Respite Care

Are you a caregiver for you parents? Do you help mow the lawn, wash the laundry or drive them to appointments? These tasks are often seen as ways to give back for all of the things they have done for you. It also means you are a caregiver.

When an older adult develops a medical, physical or mental condition that requires them to need additional personal care, the family may need to take on additional responsibilities. These can include preparing meals, helping the person dress and assisting with bathing and toileting. If you help one or both of your elderly parents with these types of tasks, you are considered an informal caregiver.

Respite care provides relief for caregivers. It is temporary, short-term care provided by someone other than the main caregiver. Respite care can take place in the home, at a location within the local community or at a nursing facility. Using respite care should not be considered a failure on the part of the caregiver but as a continuum of support services for the family and the older adult.


Types of respite care vary depending on where you live, your budget and the needs of both you and the person needing care. The three main types of care include in-home respite, adult day care and institutional respite.

In-Home Respite

In-home respite takes place in the individual’s house by either a volunteer or paid professional and is best suited for older adults who need a greater degree of supervision or assistance with personal care. Volunteers may be friends, family members, neighbors or church members. As unskilled volunteers they are likely to provide companionship and supervision while the caregiver is at work, an appointment or enjoying some personal time.

Professional respite-care providers are paid individuals and may have some form of training. They can be an independent provider or an employee of an agency. Depending on the skills of the respite provider, they can offer anything from supervision and companionship to assistance with household chores, personal care or skilled nursing care.

Advantages of In-Home Respite

  • Older adult can remain in a familiar environment.
  • One-on-one attention by respite worker.
  • Can be used on a regular or occasional basis.
  • Day and evening hours are available.

Disadvantages of In-Home Respite

  • Professional respite-care services can be expensive, especially if used often.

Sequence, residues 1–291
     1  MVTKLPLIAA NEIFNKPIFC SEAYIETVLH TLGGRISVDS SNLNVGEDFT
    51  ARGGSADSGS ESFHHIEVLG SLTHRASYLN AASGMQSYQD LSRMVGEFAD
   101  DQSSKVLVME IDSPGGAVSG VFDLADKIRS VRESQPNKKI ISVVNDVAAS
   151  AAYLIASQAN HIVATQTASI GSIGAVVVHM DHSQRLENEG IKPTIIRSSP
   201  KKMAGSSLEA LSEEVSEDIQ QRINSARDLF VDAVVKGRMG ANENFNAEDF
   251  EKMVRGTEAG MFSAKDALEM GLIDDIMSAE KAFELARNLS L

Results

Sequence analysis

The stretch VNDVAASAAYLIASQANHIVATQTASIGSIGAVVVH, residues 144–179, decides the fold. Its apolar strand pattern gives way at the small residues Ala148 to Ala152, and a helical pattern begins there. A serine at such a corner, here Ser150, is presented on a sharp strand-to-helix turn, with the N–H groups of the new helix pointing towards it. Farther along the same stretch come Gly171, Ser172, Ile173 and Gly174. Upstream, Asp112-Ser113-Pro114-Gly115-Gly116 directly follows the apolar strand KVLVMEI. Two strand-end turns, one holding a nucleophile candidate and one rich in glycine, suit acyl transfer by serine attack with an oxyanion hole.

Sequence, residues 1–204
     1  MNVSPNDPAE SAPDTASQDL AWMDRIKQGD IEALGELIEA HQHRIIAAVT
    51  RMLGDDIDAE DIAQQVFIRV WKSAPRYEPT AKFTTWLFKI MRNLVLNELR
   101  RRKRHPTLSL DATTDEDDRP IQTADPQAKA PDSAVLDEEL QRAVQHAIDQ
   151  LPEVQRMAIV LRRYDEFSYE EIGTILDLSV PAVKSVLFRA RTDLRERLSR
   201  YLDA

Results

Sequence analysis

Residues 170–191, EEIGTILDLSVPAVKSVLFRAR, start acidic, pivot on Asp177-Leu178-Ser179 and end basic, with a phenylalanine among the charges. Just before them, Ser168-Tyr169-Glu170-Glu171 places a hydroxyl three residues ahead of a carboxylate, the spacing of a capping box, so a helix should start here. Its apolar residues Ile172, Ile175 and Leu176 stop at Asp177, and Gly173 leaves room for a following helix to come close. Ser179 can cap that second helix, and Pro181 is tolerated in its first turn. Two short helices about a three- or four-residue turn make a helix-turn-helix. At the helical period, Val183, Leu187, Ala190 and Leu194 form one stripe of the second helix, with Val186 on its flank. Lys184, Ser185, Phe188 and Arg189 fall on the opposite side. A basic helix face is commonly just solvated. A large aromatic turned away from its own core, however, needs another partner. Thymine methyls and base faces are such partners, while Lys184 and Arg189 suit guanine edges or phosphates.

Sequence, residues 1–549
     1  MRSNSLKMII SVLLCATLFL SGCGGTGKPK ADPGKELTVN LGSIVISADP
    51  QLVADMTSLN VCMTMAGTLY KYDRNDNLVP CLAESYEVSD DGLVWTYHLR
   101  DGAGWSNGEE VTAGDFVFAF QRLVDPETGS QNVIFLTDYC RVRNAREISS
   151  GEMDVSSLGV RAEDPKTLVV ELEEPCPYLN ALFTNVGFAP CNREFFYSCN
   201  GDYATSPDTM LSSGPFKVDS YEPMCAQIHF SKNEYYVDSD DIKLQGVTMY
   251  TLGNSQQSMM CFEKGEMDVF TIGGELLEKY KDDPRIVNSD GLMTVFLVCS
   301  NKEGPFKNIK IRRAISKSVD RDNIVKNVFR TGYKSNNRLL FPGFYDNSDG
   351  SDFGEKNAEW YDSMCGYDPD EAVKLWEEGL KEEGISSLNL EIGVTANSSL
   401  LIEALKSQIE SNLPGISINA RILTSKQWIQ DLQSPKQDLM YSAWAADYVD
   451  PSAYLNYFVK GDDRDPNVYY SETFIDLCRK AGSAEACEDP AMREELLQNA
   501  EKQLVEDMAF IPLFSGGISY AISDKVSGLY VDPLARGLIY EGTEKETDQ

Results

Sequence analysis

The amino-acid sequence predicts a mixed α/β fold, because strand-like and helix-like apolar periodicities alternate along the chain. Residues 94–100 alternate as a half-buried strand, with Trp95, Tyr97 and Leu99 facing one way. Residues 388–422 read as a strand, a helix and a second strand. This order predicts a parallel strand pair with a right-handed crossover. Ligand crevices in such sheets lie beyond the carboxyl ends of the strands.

• Unfamiliar people will be entering the home and caring for your loved one.


Adult Day Care

Adult day centers are community-based facilities that provide a protective, structured environment for older adults who need supervision and support but would also benefit from group activities. The majority of these centers are small, non-profit organizations that often provide meals and snacks, social activities, mental and physical exercise and transportation to and from the center.

Advantages of Adult Day Care:

  • Usually less expensive than in-home respite care.
  • Provides older adult with social interaction and group support.

Disadvantages of Adult Day Care:

  • Centers are usually open only during normal business hours, restricting the time services can be used.
  • Will need to physically and mentally prepare your parent for the day.
  • Some facilities may not offer transportation services.


Institutional Respite

Institutional respite care can take place at a nursing home, VA hospital-based nursing home or hospital. When an older adult is placed into a nursing facility for respite care they are usually in a professional environment that is supervised and supportive. Institutional respite is temporary and can be planned, used in the case of an emergency or as a trial basis for determining nursing home placement. 

Advantages of Institutional Respite:

  • Allows caregivers to go on overnight, weekend or extended stays knowing their loved one is in a safe environment.

Disadvantages of Institutional Respite:

  • Preparing for the visit can be extensive. The facility will require forms to be filled out and the caregiver will need to physically and mentally prepare the older adult for the stay.
  • Can be expensive and most people will need to pay out of pocket for this service.
  • Can evoke emotions of guilt or fear for the caregiver.


What you pay for respite care will depend on the services you choose and/or your eligibility for financial assistance. Since every person and every situation is different, it is important to look at all possibilities for financial support.

Government agencies and local organizations may provide caregivers with respite waivers. Certain types of insurance might cover respite services and there are respite programs that offer a sliding-fee scale for participants. Some options to explore include:

  • Local Area Agency on Aging
  • Long-Term Care Insurance
  • Medicare & Medicaid
  • Social Security Disability
  • Veterans Administration
  • Disease-Specific Organizations (Alzheimer’s Association, Cancer Society, etc.)